The astronomy program used for this examination is Chris Marriott’s SkyMap Pro 11.04, which uses the modern complete ELP2000-82B lunar theory. The “delta-T” value used for the secular acceleration of the Moon is 1.7 milliseconds per century, which is the result of the extensive research presented by F. Richard Stephenson in his Historical Eclipses and Earth’s Rotation (Cambridge, 1997). The program used, therefore, maintains high accuracy far into the past, which is not true of many other modern astronomy programs. 


About a year before Furuli’s book had been published in the autumn of 2007 I had examined his claim (which he had published officially in advance) and found that none of the lunar positions fit the year 588/587 BCE. I shared the first half of my results with some of my correspondents. I did not know at that time that Furuli not only moves the 37th year of Nebuchadnezzar 20 years back to 588/587 BCE, but that he also moves the 37th year about one extra month forward in the Julian calendar, which actually makes it fall too late in that year. The reason for this is the following:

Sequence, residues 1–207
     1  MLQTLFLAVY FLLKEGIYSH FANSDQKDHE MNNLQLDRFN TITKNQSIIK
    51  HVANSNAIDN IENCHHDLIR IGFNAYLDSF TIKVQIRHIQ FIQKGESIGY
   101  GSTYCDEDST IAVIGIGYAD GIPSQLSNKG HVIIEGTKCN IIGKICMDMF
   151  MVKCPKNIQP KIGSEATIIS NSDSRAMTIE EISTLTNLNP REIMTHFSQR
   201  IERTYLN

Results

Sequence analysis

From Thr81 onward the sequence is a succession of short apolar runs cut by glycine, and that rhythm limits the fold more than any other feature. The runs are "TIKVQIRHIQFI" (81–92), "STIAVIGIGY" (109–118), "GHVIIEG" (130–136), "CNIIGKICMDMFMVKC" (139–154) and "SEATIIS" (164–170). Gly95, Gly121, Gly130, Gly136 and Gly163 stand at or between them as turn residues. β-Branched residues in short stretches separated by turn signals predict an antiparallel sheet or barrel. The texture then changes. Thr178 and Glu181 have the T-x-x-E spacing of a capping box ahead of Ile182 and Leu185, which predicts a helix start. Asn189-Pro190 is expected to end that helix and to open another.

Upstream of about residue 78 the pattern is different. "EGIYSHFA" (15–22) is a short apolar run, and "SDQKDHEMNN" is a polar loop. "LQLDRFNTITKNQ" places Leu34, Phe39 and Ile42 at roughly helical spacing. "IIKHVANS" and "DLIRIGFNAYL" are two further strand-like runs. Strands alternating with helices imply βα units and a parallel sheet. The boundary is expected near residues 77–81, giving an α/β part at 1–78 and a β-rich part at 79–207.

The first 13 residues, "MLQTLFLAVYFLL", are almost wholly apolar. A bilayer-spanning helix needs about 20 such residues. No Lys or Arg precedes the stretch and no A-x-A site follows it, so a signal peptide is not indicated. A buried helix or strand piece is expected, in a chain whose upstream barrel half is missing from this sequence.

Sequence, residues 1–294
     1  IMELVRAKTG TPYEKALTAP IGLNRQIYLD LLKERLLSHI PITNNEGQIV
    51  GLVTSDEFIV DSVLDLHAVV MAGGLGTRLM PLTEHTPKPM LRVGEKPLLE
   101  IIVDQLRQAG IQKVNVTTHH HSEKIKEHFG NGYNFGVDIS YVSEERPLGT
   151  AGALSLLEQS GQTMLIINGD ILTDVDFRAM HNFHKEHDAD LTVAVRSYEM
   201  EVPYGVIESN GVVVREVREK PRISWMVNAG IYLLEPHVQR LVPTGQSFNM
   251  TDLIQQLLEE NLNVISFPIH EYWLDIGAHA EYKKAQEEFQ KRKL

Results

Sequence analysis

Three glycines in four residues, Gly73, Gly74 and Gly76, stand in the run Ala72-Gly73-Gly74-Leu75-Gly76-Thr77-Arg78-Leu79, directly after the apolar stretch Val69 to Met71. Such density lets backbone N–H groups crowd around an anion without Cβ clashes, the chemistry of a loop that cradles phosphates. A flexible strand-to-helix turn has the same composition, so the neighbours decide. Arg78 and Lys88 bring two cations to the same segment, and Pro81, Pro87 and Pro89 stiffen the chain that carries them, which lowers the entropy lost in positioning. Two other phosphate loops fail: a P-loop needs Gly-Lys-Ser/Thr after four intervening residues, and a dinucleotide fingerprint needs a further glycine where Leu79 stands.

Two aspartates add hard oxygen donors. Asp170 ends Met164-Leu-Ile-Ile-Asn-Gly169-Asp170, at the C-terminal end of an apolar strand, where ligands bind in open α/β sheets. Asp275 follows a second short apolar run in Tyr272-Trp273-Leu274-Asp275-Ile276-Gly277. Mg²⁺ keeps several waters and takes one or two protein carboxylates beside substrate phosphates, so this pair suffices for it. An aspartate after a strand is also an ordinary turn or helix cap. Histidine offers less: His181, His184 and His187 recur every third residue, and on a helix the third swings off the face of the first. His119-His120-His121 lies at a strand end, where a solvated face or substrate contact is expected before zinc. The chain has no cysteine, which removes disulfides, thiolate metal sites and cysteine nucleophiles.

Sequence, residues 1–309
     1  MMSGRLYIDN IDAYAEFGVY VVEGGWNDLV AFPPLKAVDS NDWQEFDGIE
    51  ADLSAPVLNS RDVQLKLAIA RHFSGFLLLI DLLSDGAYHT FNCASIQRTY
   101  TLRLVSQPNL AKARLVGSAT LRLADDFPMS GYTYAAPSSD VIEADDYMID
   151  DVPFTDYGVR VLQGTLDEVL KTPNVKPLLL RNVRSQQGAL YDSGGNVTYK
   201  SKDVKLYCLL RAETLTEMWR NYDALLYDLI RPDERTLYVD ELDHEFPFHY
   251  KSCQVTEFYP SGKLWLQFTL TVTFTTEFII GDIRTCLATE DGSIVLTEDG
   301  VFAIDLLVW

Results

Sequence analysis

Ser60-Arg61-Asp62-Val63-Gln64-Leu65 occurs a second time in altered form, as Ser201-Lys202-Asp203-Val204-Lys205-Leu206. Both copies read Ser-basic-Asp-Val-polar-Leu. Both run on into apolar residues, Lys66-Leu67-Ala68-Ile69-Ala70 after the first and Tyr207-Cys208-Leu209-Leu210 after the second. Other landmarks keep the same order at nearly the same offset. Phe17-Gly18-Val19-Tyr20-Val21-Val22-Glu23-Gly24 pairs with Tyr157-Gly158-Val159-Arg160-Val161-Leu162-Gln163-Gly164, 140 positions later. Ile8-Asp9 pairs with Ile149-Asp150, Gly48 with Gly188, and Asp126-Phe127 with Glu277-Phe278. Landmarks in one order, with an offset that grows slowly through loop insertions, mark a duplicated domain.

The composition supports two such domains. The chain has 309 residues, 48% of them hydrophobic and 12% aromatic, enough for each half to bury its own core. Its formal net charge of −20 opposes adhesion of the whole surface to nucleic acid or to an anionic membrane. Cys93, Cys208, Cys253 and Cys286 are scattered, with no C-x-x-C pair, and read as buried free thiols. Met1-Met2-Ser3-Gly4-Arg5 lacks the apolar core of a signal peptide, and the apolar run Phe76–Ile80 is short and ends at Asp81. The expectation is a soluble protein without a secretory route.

On the obverse, line 17, VAT 4956 states that on day 15 of month III (Simanu) there was a “lunar eclipse that was omitted.” The phrase refers to an eclipse that had been calculated in advance to be invisible from the Babylonian horizon.


On page 126 Furuli explains that he has used this eclipse record as the “point of departure” for  mapping “the regnal years, the intercalary months, and the beginning of each month in the reign of Nebuchadnezzar II, both from the point of view that 568/67 and 588/87 B.C.E. represent his year 37.”


In the traditional date for the 37th year of Nebuchadnezzar, this eclipse can easily be identified with the eclipse of July 4, 568 (Julian calendar). Thus the Babylonian date, the 15th of month III, corresponds to July 4, 568 BCE. From that date we may count backward to the 1st of month III, which must have been June 20/21 (sunset to sunset), 568. As the tablet further shows that the preceding Month II (Ayyaru) had 29 days and Month I (Nisannu) 30 days, it is easy to figure out that the 1st of Ayyaru fell on May 22/23, 568, and the 1st of Nisannu (i.e., the 1st day of year 37) on April 22/23, 568 BCE.